The president spoke of parents who lost their children, “the image of the soldiers that fell in Israel’s wars… They did not have time to plant a tree. They didn’t taste the full flavor of love. They left behind you, the bereaved families… and us, the friends, to painfully remember.”

Jewish Ukrainian Mayor Shot, Worry Rises as Separatists Seize More Towns

Monday, April 28th, 2014

The Jewish mayor of the eastern Ukrainian town of Kharkov was shot in the back by unidentified masked gunmen on Monday and is now fighting for his life, even as Israel’s president warned Jews around the world on Holocaust Remembrance Day to watch for signs of rising anti-Semitism.

Pro-Russian separatists captured Kharkov, eastern Ukraine’s second-largest town, on Monday, according to a report by RIA Novosti. The news outlet quoted a friend of Mayor Gennady Kernes who said, “They shot him in the back from the forest…  His lung is pierced and his liver pierced all the way through.”

Aides said the mayor had recently received numerous threats,  RT News reported. The attack, which came less than 24 hours after a clash between anti-government protesters and nationalists in the city left 14 people injured, left Kernes critically wounded.

Speaking at the opening ceremonies Monday for Holocaust Remembrance Day, President Peres spoke of the death of his family in the little town of Vishnyeva, in Poland. Two thousand Jews all died there after being locked into the wooden synagogue building by the Nazis, and then burned alive.

“Half of the Jews of Vishnyeva made aliyah to Israel, the other half, which did not, were burned alive,” the president said. “Our body was slashed in two – but our spirit remains undivided, pulsating here in Israel as a locked memory, an independent Jewish renaissance never again to be destroyed.”

The clear warning issued by the president is one the Jews in Ukraine now must heed – if they even had a chance to hear it as the rising war begins to rage around them.

So far the Jews of Kharkov seem to be safe – but the city has a bloody past in terms of protecting its Jews. More than 15,000 Jewish residents of Kharkov were murdered between December 1941 and January 1942, herded by Germans into a ghetto area set up for them about five miles from the city and periodically hauled out and shot to death. Some were just buried alive. A mass grave was discovered not far from the site, in the Drobitzki Valley.

Many of the supporters of former Ukrainian Prime Minister Yulia Tymoshenko are also anti-Semitic, sources told the Arutz Sheva website in an interview in February. As a result, some of the community is considering aliyah.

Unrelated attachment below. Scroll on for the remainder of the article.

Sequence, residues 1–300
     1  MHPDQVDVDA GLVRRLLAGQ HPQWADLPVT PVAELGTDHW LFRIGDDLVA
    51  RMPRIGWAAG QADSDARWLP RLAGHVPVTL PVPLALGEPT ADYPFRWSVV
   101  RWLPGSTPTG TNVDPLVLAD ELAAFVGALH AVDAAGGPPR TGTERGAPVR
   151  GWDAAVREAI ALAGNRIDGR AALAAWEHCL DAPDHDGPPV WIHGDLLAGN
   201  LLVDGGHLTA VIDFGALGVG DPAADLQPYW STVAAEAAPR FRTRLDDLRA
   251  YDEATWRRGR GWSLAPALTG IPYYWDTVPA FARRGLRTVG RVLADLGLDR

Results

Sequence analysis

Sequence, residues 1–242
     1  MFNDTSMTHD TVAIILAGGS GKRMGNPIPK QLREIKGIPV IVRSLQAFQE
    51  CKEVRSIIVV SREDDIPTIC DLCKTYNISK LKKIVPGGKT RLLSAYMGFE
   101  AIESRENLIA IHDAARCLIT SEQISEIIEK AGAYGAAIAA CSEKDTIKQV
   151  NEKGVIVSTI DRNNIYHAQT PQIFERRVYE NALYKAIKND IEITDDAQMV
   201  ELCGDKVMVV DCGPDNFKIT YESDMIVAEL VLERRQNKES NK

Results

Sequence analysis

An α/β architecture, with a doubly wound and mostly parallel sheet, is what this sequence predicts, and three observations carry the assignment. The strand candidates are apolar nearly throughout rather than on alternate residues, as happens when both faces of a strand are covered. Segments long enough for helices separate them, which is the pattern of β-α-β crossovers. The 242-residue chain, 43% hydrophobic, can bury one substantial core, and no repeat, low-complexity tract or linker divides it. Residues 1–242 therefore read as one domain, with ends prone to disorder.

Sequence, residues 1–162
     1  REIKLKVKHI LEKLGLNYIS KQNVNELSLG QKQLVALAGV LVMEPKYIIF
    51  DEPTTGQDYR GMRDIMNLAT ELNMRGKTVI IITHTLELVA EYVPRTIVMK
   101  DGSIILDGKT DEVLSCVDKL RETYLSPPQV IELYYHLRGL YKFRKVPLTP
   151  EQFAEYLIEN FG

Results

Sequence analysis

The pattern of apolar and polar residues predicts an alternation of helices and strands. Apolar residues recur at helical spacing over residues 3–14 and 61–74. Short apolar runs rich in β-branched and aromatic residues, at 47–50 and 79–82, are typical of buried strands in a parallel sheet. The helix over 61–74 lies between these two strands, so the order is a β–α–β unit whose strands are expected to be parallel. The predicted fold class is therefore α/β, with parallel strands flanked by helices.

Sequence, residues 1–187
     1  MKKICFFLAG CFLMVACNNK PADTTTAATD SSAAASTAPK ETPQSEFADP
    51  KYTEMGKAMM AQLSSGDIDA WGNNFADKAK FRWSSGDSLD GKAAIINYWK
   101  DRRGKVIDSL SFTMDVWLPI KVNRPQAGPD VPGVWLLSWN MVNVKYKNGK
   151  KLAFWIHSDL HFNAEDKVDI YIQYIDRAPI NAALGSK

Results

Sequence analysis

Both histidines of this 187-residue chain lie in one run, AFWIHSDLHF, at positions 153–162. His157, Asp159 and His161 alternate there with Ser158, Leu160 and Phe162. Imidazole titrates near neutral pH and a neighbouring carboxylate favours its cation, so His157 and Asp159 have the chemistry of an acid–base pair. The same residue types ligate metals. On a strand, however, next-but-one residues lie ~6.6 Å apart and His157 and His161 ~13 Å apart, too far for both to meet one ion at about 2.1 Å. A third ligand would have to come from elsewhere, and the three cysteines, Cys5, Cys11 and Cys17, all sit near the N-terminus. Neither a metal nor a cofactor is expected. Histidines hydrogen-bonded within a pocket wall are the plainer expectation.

In the eastern Ukraine on Monday, armed gunmen also seized town of Kostyantynivka, entering the administration building and the police headquarters. International media reported that masked gunmen were wearing camouflage outfits and were armed with assault weapons.

Both towns are located in the Donetsk region, along with Sloviansk, a third city which also has now been declared an independent entity by pro-Russian secessionists.

Protesters seized a local state TV station in the city of Donetsk. The protesters demanded the launch of a ‘Donetsk People’s Republic’ TV channel, and that Russian TV channels be broadcast. The Ukrainian flag was lowered from the building and the flag of the self-proclaimed Donetsk People’s Republic was raised in its place – but later, that too was removed. Nevertheless, a source told Interfax-Ukraine that secessionist security personnel remained at the TV station to enforce the demands.

Ron Pundak, Active in Many Failed Peace Initiatives, Dead at 59

Saturday, April 12th, 2014

Ron Pundak, who was the executive director of the Peres Center for Peace, an architect of the Oslo Accords, and an active participant in the Geneva Initiative, died from cancer on Friday. Pundak was 59 years old.

Pundak is being widely lauded as a great peace activist and a visionary.

Israel’s President Shimon Peres said that Pundak, was a warrior, a man of values and an intellectual.

“He [Pundak] dedicated his whole life for the achievement of peace with our neighbors. He was willing to do anything for peace, sacrifice his life and dedicated each and every moment of his life to it. Ron was a family man, a great soul and he will be missed,” Peres said.

Israeli politician Tzipi Livni said: “There are war heroes but Ron was hero of peace. He was a Zionist who believed in peace and was not deterred by extremists, cynics and the hopeless.”

However, the Oslo Accords and the Geneva Initiative have both resulted in great harm to Israel.

And at the J Street Conference in 2011, Ron Pundak told the audience something to which they responded with thunderous applause.

“Israel,” Pundak said, “can live with a nuclear Iran and it must not base its policies on a worst-case scenario.”

Funeral arrangements had not yet been made before Shabbat.

Obama and Peres Polish Up their Persian for Iran’s New Year

Thursday, March 20th, 2014

President Shimon Peres and President Barack Obama delivered their annual greetings to Iranians celebrating the new Persian year and played up prospects of peace.

Peres showed off his language skills – actually those of his speech writers – by starting with, “Iraniane Gerami, Novruzetan Piruz Bad,” which can be translated as “Iranian citizens, wherever you are, Happy Nowruz.”

Obama began his video greetings with “Dorood,” or “to praise.” It is said by Muslims every time they hear the name of the Islamic prophet Mohammed.”

Presidents love impressing foreign people with greetings such as “Shalom,” which they don’t understand not only mneans “Peace” and “Hello” but also means “goodbye,” but unfortunately without the connotation of “good riddance.”

“The Jewish people and the Persian people, the Iranian people have a very long history and we’re going to have a long future,” said Peres, implying optimism that Iran will not succeed to wipe Israel off the face of the earth.

“We are old cultures, we learn history, we make history and we respect history,” he said.” We have a heritage of values; we are not just business peoples but two nations that respect culture, that respect human dignity. We call to live in peace and understanding.”